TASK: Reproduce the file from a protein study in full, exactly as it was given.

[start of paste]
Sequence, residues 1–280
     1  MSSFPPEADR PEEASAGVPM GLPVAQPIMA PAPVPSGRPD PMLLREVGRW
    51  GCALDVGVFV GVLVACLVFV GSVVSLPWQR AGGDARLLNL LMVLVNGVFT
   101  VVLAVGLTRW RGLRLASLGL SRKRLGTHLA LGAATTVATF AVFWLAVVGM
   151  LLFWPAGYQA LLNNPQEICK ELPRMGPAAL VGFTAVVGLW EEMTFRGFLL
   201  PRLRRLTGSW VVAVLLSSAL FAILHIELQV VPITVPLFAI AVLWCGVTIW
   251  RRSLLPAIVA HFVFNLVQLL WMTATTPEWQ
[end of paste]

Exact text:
Sequence, residues 1–280
     1  MSSFPPEADR PEEASAGVPM GLPVAQPIMA PAPVPSGRPD PMLLREVGRW
    51  GCALDVGVFV GVLVACLVFV GSVVSLPWQR AGGDARLLNL LMVLVNGVFT
   101  VVLAVGLTRW RGLRLASLGL SRKRLGTHLA LGAATTVATF AVFWLAVVGM
   151  LLFWPAGYQA LLNNPQEICK ELPRMGPAAL VGFTAVVGLW EEMTFRGFLL
   201  PRLRRLTGSW VVAVLLSSAL FAILHIELQV VPITVPLFAI AVLWCGVTIW
   251  RRSLLPAIVA HFVFNLVQLL WMTATTPEWQ